mschwendt at gmail.com
Fri Jul 10 22:44:31 UTC 2015
On Fri, 10 Jul 2015 15:25:05 -0400, Ben Rosser wrote:
> Speaking as someone who relatively recently went through the process though
> (and whose package(s) sat in the review tracker for two years): motivation
> is hard to come by when it looks like you're not going to get sponsored
> because (you think) nobody cares about your package.
??? When exactly in the process does it look like you're not going to
get sponsored? After a week? After a month? After having done 2-3 reviews
and linked those reviews in the needsponsor ticket(s)? After having pointed
at that work in a post to devel@ list?
I would need to see your initial review requests to comment on this
Nowadays, I consider the review queue as very tiresome. I've commented
on many tickets, I even have made clear behind my name in bugzilla that
I'm in the packager sponsors group, but nobody has taken that as
opportunity to email me privately. The time when new contributors did
that is gone.
There are too many in the queue, who sit and wait passively, sometimes
even without keeping a single package up-to-date. They do not take the
opportunity to practice maintaining the package. And they do not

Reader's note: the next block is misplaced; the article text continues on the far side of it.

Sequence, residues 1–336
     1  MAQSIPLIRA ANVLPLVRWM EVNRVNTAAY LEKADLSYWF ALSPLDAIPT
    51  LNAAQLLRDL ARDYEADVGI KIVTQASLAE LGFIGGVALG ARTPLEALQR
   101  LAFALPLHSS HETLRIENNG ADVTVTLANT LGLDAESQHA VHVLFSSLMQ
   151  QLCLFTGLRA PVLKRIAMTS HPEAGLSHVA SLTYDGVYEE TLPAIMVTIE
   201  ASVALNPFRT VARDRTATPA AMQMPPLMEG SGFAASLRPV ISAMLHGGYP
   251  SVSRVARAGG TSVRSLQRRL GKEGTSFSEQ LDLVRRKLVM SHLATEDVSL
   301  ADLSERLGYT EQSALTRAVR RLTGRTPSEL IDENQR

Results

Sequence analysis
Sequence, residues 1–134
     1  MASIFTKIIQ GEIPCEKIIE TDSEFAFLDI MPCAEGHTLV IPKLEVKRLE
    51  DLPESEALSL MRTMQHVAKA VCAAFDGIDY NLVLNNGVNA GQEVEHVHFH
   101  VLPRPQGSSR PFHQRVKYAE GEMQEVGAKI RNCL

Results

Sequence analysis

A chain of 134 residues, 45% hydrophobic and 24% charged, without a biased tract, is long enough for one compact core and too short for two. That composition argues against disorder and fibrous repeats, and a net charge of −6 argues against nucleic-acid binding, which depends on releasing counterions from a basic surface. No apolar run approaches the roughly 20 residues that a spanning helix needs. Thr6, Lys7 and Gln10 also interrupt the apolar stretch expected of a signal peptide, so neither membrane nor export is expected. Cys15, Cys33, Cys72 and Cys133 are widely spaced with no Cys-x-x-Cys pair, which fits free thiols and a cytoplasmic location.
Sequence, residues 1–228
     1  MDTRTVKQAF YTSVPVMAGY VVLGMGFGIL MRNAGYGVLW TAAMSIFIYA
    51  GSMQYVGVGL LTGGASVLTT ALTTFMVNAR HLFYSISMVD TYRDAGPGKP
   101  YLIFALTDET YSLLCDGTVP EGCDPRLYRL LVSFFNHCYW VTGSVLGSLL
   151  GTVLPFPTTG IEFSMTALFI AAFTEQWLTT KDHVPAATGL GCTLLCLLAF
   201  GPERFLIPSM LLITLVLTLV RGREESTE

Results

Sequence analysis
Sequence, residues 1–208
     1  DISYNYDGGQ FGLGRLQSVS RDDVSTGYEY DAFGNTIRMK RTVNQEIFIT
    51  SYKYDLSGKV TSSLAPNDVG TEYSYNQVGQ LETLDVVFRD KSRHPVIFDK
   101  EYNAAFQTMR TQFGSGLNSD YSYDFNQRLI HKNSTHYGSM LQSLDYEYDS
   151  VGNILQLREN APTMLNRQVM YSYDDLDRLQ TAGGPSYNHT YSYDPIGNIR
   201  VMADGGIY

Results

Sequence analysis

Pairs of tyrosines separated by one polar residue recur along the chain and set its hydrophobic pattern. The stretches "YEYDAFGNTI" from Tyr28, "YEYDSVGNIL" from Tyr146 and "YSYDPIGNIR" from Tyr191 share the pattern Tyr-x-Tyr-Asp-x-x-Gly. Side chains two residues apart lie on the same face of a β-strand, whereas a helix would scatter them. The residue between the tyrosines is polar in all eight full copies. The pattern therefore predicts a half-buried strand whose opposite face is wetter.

demonstrate high interest in the package either. It doesn't count if
there's some private [hidden/secret] repo somewhere where updates may
be published. All that matters is what the volunteer offers in the
review queue and/or visible to the sponsor.
When somebody has not submitted a single ticket in bugzilla, not even
via ABRT, one can not even be sure the person is using Fedora.
> And yes, I did read the guidelines, and yes, I did review other packages in
> an informal capacity (at least initially). I think (although it's been a
> long time, so I may have forgotten) I even poked the devel list a couple of
> times early on, but the guidelines (
> ) stress that sponsorship is kind of a passive process. While there are
> things you can do to increase your visibility, you wait for someone to
> notice your package, you shouldn't mass mail people asking for a sponsor,
> etc. A "don't call us, we'll call you" sort of process.
And yet there are too many, who dump a first src.rpm into the queue without
doing anything beyond that. No self-review, no review of other packages,
no questions, not even mailing a potential sponsor who is active in other
tickets. This is extremely disappointing for the sponsors, too.
> Then, once someone *does* notice your package, maybe they work with you on
> improving it, ask you to do a few other things, etc. And it becomes a more
> active process on both sides. At least, that's been my understanding of the
> process based on what I've read in those guidelines.
That's one way how to do it. Unfortunately, some of the needsponsor people
don't respond. Some respond after months, saying they have been busy. No
notification of that in the ticket. No response! What would happen if the
package were in the distribution? Somebody would start the non-responsive
It doesn't work, if new contributors prefer a dumping ground for packages,
because they read about such things "somewhere" (such as plans on additional
pre-approval package repos, or Copr, or even other plans).
> But there are tickets in the queue that have sat there for at least a year
> with no subsequent comment by another other than their author-- which